Andrea Mitchell Explains Her Type of 'Twerking'

The NBC News veteran was honored with the Fourth Estate Award.

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NBC News Chief Foreign Affairs correspondent Andrea Mitchell during an interview on the 'SiriusXM Leading Ladies' series at SiriusXM studios on Aug. 15, 2013, in Washington, D.C.
NBC News Chief Foreign Affairs correspondent Andrea Mitchell was honored at the National Press Club Friday.

The green room, that's where Washington is at its most honest. And, if USA Today's Washington Bureau Chief Susan Page is to be believed, it's where NBC's Andrea Mitchell's character is most pure.

"Picture this, a makeup artist is trying to, you know, apply some makeup, which can be difficult because Andrea is simultaneously conferring with producer Michelle Perry and watching the State Department briefing on a monitor and dictating changes in her script," Page explained. "She's usually ignoring the poor sound guy who's trying to attach a microphone and the floor director who is begging with her, with rising desperation in his voice, to just get on the set."

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Page was among those whose job it was to both toast and roast Mitchell at this year's Fourth Estate Award dinner, held Friday at the National Press Club. As she called Mitchell, this year's recipient, "the human tornado," former PBS anchor Jim Lehrer got up to the podium and said, "Amen," before explaining that Mitchell performs the function of "Big Sister" in media, because she's on television so often.

NBC News' Washington Bureau Chief Ken Strickland called Mitchell simply the best. "Who stays at one network for 35 years?" he asked. "That means ... we really, really like you."

As part of the roast, clips from Mitchell's early years in Washington were shown, much to her chagrin. "I don't know who that brunette with the bad clothes and the awful hair is – oh my God," Mitchell told the crowd.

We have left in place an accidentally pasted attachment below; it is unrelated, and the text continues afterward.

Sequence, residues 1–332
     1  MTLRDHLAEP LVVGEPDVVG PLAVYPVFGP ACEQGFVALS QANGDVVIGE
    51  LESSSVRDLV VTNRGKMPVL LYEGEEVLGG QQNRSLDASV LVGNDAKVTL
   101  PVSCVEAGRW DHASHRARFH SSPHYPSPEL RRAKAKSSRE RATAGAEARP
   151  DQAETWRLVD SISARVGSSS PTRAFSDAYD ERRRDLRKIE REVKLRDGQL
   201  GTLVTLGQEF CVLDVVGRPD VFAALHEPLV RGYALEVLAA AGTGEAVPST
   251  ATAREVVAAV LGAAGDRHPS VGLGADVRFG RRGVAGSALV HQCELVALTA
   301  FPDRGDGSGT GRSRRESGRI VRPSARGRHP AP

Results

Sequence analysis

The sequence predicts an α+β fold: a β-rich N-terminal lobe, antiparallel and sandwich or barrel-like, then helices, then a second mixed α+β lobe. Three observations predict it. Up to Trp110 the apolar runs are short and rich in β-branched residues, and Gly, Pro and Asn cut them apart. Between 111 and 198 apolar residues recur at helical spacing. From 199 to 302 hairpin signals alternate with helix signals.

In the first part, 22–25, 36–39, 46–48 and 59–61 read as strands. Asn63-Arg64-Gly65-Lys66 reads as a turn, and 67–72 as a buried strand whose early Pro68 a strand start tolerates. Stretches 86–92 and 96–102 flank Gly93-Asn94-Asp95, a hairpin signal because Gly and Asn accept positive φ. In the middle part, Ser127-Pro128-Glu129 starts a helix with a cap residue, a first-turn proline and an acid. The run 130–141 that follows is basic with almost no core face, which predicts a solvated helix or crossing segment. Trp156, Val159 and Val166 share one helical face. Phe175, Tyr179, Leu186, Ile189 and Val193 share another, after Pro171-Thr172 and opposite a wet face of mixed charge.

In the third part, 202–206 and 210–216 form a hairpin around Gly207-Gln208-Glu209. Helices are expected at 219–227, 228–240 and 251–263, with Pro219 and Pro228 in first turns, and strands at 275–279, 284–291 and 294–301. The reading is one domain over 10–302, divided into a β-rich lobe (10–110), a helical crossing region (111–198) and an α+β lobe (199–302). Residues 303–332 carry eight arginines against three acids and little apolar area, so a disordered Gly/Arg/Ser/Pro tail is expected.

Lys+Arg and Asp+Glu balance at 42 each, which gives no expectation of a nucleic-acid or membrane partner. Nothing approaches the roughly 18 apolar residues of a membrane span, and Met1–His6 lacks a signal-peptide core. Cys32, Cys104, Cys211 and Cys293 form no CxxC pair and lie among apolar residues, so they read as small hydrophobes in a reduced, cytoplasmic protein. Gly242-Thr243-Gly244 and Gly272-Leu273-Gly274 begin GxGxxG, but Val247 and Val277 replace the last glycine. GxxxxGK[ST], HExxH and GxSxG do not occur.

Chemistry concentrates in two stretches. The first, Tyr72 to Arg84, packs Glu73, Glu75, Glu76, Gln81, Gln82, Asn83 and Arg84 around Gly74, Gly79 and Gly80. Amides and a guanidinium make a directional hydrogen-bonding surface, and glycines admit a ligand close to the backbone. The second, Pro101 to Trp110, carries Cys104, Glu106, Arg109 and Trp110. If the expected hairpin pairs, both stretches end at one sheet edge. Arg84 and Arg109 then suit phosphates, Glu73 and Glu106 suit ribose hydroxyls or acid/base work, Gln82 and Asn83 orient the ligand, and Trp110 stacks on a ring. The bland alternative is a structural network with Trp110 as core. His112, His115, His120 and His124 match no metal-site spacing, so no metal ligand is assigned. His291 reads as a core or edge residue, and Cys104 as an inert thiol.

The NBC News Chief Foreign Affairs Correspondent recalled, in her 45 years in journalism, how much technology has changed. "We had walkie talkies – yes, we did – covering the Reagan White House we had walkie talkies. That's how we communicated; there were no cell phones," Mitchell said. "And then we got cell phones. They were about as big as a shoebox."

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Mitchell remembered one particularly technology-fraught evening on the job. Her team had just covered the Clinton/Gore ticket at Madison Square Garden and were heading down the New Jersey Turnpike to the next campaign stop in Cherry Hill, N.J. "We had a winnebago, we edited in the vehicle, so we had folding chairs – I guess workplace safety was not such a big issue then," Mitchell said. "And the folding chairs were going back and forth – it was our version of twerking, I think," Mitchell said to great laughs.

But it wasn't the "twerking" that tripped up Mitchell's team. "The only thing we didn't think about, going down the New Jersey turnpike from Madison Square Garden, was gasoline," she remembers. "We ran out of gas."

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